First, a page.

Hi ShotKit! I’m Kay Dargen, a 22-year-old self-taught professional photographer and editor from Fargo, North Dakota.
Being from a region of infamously underwhelming scenery, I’ve embraced my fascination with color to create images that induce nostalgia and wonder.
I’ve had a camera in my hands since Christmas when I was 11; it was a bright blue Olympus FE-46 that you can now grab online for $20. I upgraded to my first big girl camera in 7th grade, a Nikon D3100, and I used that to start shooting my friends and their families.
Eventually, with money from that (and babysitting and selling hotdogs at my local baseball stadium) I bought myself a Nikon D810 and a Nikon 24-70mm f/2.8 as a sophomore in high school.
It was emotional to part ways with my D810 when I upgraded to the current love of my life, the Nikon D850. We had a good run but I was ready for that sweet, sweet touch screen, the flippy screen, and the obnoxious amount of megapixels.
Growing up as a self-taught photographer, I never thought much about camera brands until the mirrorless systems started taking over. Now I kind of feel like an endangered species as a Nikon shooter.
Recently my curiosity got the best of me and I bought my friend’s old Fujifilm x100t. As neat as the digital viewfinder is and how convenient the size may be, I still can’t bring myself to reach for it over my D850, even for the most casual outings. My Nikons feel like old childhood friends – I know them like the back of my hand and they have yet to let me down.
I also have a Nikon D750 as a backup, but 99% of the time I remain glued to my D850.
Like many of you, weddings and senior portraits have been my primary source of income over the last 5 years.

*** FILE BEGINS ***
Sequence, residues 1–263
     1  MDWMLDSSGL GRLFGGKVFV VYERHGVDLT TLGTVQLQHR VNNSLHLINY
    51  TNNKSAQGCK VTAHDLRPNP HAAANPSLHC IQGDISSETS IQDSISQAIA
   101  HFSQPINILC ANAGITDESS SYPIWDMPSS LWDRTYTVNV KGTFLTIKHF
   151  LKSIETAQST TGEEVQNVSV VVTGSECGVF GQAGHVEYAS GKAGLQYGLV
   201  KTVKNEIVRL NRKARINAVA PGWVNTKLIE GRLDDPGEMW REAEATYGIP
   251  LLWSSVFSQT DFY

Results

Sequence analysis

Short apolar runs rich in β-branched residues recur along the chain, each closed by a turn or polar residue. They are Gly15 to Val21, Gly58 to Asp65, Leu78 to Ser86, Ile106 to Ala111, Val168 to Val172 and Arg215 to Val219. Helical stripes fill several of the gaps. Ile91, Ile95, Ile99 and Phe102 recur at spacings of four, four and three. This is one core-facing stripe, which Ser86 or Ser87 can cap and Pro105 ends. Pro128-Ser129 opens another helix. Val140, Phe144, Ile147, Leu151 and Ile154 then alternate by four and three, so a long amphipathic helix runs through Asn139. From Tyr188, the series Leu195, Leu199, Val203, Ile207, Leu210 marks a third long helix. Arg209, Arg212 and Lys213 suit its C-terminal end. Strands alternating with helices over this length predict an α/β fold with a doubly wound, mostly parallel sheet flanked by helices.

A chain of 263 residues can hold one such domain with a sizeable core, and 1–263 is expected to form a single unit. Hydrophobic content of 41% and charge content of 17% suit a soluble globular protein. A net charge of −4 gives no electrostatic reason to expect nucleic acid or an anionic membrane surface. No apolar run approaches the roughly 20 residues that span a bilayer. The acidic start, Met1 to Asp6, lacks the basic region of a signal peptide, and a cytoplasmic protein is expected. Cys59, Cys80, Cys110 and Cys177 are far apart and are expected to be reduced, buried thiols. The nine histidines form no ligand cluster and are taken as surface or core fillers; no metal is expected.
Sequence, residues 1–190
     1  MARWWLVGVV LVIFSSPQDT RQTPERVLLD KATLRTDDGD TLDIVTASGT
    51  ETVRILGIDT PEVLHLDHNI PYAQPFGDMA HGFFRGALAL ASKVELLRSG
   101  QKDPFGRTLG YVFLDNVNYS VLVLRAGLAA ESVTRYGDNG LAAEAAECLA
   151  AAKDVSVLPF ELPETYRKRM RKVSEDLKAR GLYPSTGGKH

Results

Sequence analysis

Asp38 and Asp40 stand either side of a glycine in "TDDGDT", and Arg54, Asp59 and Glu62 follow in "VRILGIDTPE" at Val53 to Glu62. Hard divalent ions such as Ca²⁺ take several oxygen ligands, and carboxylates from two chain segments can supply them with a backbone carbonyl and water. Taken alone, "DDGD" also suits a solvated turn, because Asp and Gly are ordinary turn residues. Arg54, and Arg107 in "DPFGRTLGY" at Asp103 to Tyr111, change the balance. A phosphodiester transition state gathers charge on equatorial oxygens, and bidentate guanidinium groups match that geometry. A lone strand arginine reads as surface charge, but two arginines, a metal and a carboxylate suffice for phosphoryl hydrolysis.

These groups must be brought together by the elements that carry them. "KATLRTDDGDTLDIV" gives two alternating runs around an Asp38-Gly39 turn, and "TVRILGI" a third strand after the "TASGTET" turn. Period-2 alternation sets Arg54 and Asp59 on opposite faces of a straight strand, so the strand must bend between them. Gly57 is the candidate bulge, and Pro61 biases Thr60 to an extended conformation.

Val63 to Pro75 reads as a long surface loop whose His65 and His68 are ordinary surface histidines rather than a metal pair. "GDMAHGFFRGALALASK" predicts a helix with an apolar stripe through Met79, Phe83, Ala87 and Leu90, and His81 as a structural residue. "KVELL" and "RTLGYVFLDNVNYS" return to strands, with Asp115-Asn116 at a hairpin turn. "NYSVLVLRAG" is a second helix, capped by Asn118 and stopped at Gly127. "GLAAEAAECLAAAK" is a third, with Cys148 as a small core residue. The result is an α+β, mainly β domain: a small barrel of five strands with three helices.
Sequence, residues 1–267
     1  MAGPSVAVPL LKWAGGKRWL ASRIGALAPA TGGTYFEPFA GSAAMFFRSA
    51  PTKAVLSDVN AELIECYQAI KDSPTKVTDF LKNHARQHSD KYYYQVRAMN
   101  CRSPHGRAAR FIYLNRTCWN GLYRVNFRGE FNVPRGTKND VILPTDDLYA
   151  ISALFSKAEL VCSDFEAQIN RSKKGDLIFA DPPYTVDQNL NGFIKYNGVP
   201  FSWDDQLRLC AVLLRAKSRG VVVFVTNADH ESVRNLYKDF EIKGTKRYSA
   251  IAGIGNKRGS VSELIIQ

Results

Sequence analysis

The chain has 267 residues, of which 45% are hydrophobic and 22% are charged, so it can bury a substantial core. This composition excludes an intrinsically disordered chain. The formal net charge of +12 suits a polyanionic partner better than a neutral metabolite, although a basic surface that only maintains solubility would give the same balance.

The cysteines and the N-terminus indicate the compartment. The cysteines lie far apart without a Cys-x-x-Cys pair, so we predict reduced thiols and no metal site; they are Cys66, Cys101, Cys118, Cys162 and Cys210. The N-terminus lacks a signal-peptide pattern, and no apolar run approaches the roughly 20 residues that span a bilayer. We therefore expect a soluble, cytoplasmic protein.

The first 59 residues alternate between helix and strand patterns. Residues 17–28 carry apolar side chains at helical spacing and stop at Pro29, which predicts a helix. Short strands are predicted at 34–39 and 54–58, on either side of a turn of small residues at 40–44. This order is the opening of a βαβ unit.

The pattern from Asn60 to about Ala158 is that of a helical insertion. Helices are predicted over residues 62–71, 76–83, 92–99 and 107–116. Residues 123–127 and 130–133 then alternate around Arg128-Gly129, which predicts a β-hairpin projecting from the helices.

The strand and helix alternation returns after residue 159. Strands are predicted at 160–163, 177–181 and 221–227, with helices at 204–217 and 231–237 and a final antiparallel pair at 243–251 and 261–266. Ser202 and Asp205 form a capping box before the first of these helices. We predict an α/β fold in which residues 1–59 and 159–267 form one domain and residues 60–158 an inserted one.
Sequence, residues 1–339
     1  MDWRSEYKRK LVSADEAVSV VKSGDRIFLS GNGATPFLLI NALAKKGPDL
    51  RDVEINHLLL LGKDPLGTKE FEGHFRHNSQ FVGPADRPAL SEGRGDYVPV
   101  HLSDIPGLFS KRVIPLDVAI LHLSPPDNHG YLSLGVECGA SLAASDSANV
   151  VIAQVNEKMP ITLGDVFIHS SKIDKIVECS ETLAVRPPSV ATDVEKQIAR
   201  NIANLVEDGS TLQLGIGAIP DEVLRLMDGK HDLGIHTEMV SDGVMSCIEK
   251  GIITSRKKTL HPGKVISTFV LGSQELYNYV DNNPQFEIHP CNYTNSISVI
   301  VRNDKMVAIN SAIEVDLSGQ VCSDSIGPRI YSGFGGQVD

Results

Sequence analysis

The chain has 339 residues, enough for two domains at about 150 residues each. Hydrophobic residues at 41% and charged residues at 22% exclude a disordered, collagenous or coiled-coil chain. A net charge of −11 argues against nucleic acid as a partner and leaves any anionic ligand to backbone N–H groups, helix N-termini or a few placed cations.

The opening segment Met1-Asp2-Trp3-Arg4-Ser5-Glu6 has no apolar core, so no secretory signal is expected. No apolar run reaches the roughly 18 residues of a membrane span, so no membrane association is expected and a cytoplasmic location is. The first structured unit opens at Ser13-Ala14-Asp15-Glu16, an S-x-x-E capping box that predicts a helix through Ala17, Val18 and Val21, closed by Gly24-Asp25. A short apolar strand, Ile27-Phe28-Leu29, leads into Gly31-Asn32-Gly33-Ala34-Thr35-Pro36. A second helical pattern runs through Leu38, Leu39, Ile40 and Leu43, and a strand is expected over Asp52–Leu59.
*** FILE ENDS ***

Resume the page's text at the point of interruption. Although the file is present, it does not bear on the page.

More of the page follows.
I quickly learned that shooting with prime lenses makes me a better photographer; I thrive on needing to move around to find my shot. I got my first Sigma Art lens a few years ago and haven’t looked back since. Now the Sigma Art 20mm f/1.4, 35mm f/1.4, and 50mm f/1.4 are all mainstays in my camera bag.
Also, just last week I picked up the 24mm f/1.4 and it may have dethroned my 35mm as my go-to lens. The current photo climate has been all about those cinematic vibes and the 24mm is the perfect focal length in that department.
I still keep my trusty Nikon 24-70mm f/2.8 handy for situations where the subject is going to be changing constantly, like wedding ceremonies. I’ll usually have that one on my D850, then, as long as it’s well lit, I put my Nikon 24-120mm f/4 on my D750 to catch the up-close moments, like grandpa and grandma holding hands, or the flower girl failing to evenly disperse flower petals and all that good stuff.
That is one kit lens I have been absolutely indebted to since I’ve never enjoyed telephoto lenses enough to pull the trigger on a Nikon 70-200mm f/2.8.
Over the last four or so years, I’ve shot approximately 200 high school seniors, and my Sigma Art 35mm f/1.4 has been with me every step of the way. Through every sparkler and smoke bomb, it’s had my back.
To me, 35mm is the perfect focal length for the modern high school senior (and their parents approve as well.) I will briefly break out the Sigma Art 50mm f/1.4 for the formal headshots, and occasionally my Nikon 85mm f/1.8 if we’re looking to get real official.
It was only this past winter that I let myself splurge on a nice camera bag, and I am so glad I did. The Peak Design Everyday Backpack 20L is perfect for me. I’m a pretty small gal, and I’ve always been drawn to the over-the-shoulder messenger bags, but I had to admit defeat because they get too heavy and throw me off balance.
The Everyday 20L was the answer to all my prayers – being able to swing it around and have easy access to the side pockets is exactly what I need.
On my last tour, it went through the wringer and I managed to break a side panel zipper. Fortunately, all it took was an email and they so kindly and simply sent me a brand new bag. Definitely a proponent of them since that.
Over the last year or so, my artistic trajectory and career trajectory have intersected in a way I’ve always dreamt of.
I have spent most of my last year away from my home base of Fargo, traveling and taking photos. As I have garnered an increasingly visible social media presence, it seems people have begun to embrace my obnoxiously dreamy colors.
This has, in turn, led to more and more creative work primarily in the fields of travel and tour photography.